reach them, and with extraordinary correctness and rapidity, and spread imperceptibly and irresistibly, like water flowing over a valley. Had the Russian army been acting alone, without allies, possibly it would have taken a long time for this impression of mismanagement to become a general conviction. But as it was, it was so particularly pleasant and natural to ascribe the mismanagement to the senseless Germans, and all believed that there was some dangerous muddle due to a blunder on the part of the sausage- makers.

“What are they stopping for? Blocked up the way, eh? Or hit upon the French at last?”

“No, not heard so. There’d have been firing. After hurrying us to march off, and we’ve marched off—to stand in the middle of a field for no sense—all the damned Germans making a muddle of it. The senseless devils! I’d have sent them on in front. But no fear, they crowd to the rear. And now one’s to stand with nothing to eat.”

“I say, will they be quick there?”

“The cavalry is blocking up the road, they say,” said an officer.

“Ah, these damned Germans, they don’t know their own country,” said another.

“Which division are you?” shouted an adjutant, riding up.


“Then why are you here? You ought to have been in front long ago; you won’t get there now before evening.”

“The silly fools’ arrangements, they don’t know themselves what they’re about,” said the officer, and he galloped away. Then a general trotted up, and shouted something angrily in a foreign tongue.

Ta-fa-la-fa, and no making out what he’s jabbering,” said a soldier, mimicking the retreating general. “I’d like to shoot the lot of them, the blackguards!”

“Our orders were to be on the spot before ten o’clock, and we’re not halfway there. That’s a nice way of managing things!” was repeated on different sides, and the feeling of energy with which the troops had started began to turn to vexation and anger against the muddled arrangements and the Germans.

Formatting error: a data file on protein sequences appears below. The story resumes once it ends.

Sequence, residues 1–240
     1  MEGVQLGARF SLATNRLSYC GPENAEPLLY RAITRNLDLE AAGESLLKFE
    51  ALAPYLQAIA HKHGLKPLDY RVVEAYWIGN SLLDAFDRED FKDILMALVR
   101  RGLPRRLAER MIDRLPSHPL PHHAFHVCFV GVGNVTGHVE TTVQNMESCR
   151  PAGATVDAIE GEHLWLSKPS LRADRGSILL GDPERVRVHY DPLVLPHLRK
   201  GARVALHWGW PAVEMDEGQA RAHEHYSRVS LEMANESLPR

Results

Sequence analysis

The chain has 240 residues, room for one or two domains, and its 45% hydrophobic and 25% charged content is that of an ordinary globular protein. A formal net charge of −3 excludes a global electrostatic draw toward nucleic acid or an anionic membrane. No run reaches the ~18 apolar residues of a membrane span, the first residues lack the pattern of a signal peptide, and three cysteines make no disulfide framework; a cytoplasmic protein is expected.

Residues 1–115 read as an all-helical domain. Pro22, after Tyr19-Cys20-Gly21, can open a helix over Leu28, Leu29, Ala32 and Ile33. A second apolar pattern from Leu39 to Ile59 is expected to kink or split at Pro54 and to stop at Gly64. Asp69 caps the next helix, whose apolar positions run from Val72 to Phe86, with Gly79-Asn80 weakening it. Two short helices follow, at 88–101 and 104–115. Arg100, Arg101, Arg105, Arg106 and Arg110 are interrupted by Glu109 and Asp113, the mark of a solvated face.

The muddle originated in the fact that while the Austrian cavalry were in movement, going to the left flank, the chief authorities had come to the conclusion that our centre was too far from the right flank, and all the cavalry had received orders to cross over to the right. Several thousands of mounted troops had to cross in front of the infantry, and the infantry had to wait till they had gone by.

Ahead of the troops a dispute had arisen between the Austrian officer and the Russian general. The Russian general shouted a request that the cavalry should stop. The Austrian tried to explain that he was not responsible, but the higher authorities. The troops meanwhile stood, growing listless and dispirited. After an hour’s delay the troops moved on at last, and began going downhill. The fog, that overspread the hill, lay even more densely on the low ground to which the troops were descending. Ahead in the fog they heard one shot, and another, at first at random, at irregular intervals; tratta-tat, then growing more regular and frequent, and the skirmish of the little stream, the Holdbach, began.

Not having reckoned on meeting the enemy at the stream, and coming upon them unexpectedly in the fog, not hearing a word of encouragement from their commanding officers, with a general sense of being too late, and seeing nothing before or about them in the fog, the Russians fired slowly and languidly at the enemy, never receiving a command in time from the officers and adjutants, who wandered about in the fog in an unknown country, unable to find their own divisions. This was how the battle began for

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